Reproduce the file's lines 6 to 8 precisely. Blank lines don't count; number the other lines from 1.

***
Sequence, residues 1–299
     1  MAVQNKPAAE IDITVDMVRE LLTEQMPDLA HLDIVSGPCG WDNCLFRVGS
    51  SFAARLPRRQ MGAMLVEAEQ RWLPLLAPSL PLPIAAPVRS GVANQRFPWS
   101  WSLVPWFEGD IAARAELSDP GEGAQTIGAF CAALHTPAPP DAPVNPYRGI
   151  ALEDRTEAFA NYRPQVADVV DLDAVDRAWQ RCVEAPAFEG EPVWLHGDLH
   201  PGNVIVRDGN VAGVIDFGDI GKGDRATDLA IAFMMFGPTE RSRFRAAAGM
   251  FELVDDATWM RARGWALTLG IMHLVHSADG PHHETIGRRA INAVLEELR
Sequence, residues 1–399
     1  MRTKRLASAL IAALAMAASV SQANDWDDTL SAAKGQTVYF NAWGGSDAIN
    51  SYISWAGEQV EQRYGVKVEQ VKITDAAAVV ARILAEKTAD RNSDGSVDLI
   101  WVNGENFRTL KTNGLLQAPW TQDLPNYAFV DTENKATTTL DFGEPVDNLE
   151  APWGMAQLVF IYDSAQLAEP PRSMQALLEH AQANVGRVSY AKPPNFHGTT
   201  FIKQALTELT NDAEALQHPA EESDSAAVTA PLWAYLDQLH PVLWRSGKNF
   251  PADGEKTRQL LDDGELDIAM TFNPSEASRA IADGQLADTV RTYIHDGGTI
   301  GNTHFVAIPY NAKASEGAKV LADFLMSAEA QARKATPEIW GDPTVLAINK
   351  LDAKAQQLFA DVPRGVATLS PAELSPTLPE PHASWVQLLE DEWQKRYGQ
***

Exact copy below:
   201  PGNVIVRDGN VAGVIDFGDI GKGDRATDLA IAFMMFGPTE RSRFRAAAGM
   251  FELVDDATWM RARGWALTLG IMHLVHSADG PHHETIGRRA INAVLEELR
Sequence, residues 1–399